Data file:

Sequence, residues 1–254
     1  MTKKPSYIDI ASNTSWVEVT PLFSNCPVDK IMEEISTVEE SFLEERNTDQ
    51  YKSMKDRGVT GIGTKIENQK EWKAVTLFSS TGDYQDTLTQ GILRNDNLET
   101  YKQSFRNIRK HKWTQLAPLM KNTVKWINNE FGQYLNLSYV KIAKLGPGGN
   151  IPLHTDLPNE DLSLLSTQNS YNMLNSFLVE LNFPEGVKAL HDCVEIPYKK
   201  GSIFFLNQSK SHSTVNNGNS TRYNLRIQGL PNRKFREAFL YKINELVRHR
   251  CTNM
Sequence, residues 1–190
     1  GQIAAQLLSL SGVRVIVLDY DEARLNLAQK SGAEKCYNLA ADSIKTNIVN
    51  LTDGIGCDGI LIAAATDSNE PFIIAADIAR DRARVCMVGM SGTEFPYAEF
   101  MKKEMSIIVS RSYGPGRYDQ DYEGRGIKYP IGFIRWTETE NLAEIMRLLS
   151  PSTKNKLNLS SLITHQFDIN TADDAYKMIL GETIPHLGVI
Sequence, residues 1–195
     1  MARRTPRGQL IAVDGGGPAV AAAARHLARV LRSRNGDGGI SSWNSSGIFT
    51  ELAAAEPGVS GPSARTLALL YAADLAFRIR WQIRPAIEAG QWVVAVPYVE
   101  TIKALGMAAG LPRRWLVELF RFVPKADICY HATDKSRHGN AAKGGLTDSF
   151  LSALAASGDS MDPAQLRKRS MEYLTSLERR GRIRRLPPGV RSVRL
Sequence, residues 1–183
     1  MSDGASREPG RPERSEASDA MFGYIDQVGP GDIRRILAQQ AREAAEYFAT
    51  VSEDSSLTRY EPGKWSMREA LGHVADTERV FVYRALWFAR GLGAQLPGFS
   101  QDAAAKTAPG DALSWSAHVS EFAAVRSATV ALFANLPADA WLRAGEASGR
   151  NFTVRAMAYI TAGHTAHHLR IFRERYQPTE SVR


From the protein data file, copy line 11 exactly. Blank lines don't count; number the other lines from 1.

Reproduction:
   101  MKKEMSIIVS RSYGPGRYDQ DYEGRGIKYP IGFIRWTETE NLAEIMRLLS